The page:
I. The Holiness of the Word
II. The Lord is the Word
III. The Lord's Words Spirit and Life
IV. Influx and Correspondence
V. The Three Senses of the Word
VVIII.. TChoen juSnecntsioe n ofb yt hteh eL eWttoerrd

Part First—THE SPIRITUAL
EFIL

I. How Spiritual Life is Acquired

Spiritual life is acquired solely by a life according to
the commandments in the Word. These
commandments are given in summary in the
Decalogue, namely, Thou shalt not commit
adultery, Thou shalt not steal, Thou shalt not kill,
Thou shalt not bear false witness, Thou shalt not
covet the goods of others. These commandments
are the commandments that are to be done, for
when a man does these his works are good and
his life is spiritual, and for the reason that so far as
a man shuns evils and hates them so far he wills
and loves goods.

For there are two opposite spheres that surround
man, one from hell, the other from heaven; from
hell a sphere of evil and falsity therefrom, from
heaven a sphere of good and of truth therefrom;
and these spheres do [not immediately] affect the
body, but they affect the minds of men, for they
are spiritual spheres, and thus are affections that
belong to the love. In the midst of these man is
set; therefore so far as he approaches the one, so
far he withdraws from the other. This is why so far
as a man shuns evils and hates them, so far he
wills and loves goods and the truths therefrom; for
no one can at the same time serve two masters,
for he will hate the one and will love the other.

(Matt. vi. 24).

But let it be noted, that man must do these
commandments from religion, because they are
commanded by the Lord; and if he does this from
any other consideration whatever, for instance,
from regard merely to the civil law or the moral law,
he remains natural, and does not become spiritual.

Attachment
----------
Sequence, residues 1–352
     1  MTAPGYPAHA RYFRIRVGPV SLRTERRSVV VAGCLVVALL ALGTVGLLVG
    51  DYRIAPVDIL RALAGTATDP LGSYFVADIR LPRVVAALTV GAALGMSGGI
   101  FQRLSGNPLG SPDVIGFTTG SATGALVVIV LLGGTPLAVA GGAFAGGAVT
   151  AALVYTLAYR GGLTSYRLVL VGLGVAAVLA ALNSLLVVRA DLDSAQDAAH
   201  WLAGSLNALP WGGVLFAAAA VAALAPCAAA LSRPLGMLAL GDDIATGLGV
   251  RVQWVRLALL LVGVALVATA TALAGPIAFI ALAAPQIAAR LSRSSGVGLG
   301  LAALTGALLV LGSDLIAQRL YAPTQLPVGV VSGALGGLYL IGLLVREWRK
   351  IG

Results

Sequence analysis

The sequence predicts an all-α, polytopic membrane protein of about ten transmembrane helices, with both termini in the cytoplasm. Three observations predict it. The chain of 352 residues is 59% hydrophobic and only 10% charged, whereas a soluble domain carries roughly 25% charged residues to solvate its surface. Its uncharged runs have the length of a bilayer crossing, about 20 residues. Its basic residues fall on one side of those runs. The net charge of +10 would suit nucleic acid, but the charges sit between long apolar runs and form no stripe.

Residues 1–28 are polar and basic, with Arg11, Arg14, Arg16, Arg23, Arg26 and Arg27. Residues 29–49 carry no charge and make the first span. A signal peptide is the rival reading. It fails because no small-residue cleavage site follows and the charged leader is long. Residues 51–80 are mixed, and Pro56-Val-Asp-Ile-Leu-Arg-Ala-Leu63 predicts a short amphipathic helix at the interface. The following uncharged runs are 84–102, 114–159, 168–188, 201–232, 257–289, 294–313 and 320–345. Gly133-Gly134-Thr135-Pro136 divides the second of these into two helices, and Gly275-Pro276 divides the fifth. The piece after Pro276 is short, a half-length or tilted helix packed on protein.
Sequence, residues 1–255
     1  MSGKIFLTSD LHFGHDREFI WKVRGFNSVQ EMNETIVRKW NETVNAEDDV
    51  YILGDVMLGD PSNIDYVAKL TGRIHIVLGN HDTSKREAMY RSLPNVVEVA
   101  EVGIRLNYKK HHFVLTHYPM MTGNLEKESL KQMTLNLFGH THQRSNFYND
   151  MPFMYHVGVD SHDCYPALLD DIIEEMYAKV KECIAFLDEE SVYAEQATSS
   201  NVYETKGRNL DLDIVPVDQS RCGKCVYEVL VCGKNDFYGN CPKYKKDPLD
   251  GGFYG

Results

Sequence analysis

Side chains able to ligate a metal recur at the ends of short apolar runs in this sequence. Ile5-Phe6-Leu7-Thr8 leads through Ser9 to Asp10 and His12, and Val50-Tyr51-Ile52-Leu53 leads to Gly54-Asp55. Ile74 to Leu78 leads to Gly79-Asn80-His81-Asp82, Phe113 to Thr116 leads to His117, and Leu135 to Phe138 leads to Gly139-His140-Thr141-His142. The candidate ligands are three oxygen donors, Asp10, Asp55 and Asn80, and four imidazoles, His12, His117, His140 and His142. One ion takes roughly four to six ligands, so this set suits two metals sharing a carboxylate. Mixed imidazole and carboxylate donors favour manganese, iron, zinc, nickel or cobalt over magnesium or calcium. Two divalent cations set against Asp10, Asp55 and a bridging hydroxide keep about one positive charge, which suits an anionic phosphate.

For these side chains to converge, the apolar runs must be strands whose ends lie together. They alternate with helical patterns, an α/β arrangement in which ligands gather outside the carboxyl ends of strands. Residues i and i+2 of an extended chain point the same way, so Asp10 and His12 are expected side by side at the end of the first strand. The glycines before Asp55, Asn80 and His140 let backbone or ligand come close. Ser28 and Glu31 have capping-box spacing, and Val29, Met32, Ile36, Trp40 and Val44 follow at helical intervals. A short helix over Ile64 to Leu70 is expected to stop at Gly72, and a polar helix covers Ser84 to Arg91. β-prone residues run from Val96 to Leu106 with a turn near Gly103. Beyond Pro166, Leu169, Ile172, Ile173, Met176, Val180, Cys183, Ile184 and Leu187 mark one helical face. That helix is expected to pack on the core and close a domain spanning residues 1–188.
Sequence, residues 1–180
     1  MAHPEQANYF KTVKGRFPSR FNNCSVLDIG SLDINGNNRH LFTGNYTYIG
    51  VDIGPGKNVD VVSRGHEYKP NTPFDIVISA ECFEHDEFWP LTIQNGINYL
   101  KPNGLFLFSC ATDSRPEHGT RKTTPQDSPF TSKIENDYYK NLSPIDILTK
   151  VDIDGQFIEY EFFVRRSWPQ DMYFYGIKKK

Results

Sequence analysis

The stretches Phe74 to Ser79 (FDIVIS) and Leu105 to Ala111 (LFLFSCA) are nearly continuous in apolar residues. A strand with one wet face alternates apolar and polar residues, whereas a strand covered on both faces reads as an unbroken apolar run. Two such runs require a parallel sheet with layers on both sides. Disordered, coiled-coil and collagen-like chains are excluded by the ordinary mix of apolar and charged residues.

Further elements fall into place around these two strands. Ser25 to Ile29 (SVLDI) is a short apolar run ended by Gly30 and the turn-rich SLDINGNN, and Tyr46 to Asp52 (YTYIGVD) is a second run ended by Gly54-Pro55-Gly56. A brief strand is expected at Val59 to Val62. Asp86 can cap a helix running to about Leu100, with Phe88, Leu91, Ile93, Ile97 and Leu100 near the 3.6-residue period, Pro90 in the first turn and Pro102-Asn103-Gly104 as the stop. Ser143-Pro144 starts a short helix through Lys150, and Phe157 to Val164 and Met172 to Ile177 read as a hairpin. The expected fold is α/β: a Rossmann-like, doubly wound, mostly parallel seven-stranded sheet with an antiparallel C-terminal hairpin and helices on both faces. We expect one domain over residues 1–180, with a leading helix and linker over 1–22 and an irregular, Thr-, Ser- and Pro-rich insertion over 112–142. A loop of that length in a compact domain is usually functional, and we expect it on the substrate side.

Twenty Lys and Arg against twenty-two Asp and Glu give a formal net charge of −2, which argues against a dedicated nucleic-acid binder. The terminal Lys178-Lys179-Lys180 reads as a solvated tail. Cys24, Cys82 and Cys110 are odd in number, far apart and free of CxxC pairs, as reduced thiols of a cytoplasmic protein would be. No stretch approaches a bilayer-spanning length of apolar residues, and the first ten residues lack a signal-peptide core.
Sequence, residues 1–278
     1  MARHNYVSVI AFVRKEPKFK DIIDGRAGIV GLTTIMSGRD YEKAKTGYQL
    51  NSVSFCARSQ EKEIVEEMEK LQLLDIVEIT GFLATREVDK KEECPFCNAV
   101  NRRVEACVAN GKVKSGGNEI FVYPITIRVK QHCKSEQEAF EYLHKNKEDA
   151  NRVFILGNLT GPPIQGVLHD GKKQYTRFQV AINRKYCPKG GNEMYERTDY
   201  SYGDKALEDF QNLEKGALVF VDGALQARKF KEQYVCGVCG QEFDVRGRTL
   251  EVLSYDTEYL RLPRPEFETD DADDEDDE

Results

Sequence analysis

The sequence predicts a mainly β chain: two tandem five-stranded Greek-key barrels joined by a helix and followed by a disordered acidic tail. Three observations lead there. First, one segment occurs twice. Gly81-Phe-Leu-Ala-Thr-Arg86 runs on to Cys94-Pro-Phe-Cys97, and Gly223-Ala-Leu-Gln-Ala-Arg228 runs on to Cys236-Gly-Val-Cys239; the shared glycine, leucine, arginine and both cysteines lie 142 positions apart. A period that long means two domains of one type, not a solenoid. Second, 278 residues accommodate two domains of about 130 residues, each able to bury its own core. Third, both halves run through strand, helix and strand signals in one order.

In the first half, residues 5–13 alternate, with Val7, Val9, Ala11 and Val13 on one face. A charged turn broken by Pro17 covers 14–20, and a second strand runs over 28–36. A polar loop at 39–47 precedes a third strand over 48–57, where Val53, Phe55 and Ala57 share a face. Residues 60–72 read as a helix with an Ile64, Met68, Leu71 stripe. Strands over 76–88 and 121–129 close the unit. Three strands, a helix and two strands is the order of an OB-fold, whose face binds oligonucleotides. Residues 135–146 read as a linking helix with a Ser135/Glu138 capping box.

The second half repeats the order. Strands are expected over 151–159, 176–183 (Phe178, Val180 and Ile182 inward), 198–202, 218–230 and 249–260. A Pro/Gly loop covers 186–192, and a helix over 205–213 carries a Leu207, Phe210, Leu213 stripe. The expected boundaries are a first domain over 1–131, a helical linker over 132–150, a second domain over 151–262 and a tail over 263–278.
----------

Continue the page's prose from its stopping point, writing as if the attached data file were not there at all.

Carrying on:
For when a man acts from religion, he
acknowledges in heart that there is a God, a
heaven and a hell, and a life after death. But when
he acts from regard merely to the civil and moral
law, he may act in the same way, and yet in heart
may deny that there is a God, a heaven and a hell,
and a life after death. And if he shuns evils and
does goods, it is merely in the external form, and
not in the internal; thus while he is outwardly in
respect to the life of the body like a Christian,
inwardly in respect to the life of his spirit he is like a
devil. All this makes clear that a man can become
spiritual, or receive spiritual life, in no other way
than by a life according to religion from the Lord.

I have had proof that this is true from angels of the
third or inmost heaven, who are in the greatest
wisdom and happiness. When asked how they had
become such angels, they said it was because
during their life in the world they had regarded filthy
thoughts as abominable, and these had been to
them adulteries; and had regarded in like manner
frauds and unlawful gains, which had been to them
thefts; also hatreds and revenges, which had been
to them murder; also lies and blasphemies, which
had been to them false testimonies; and so with

other things. When asked again whether they had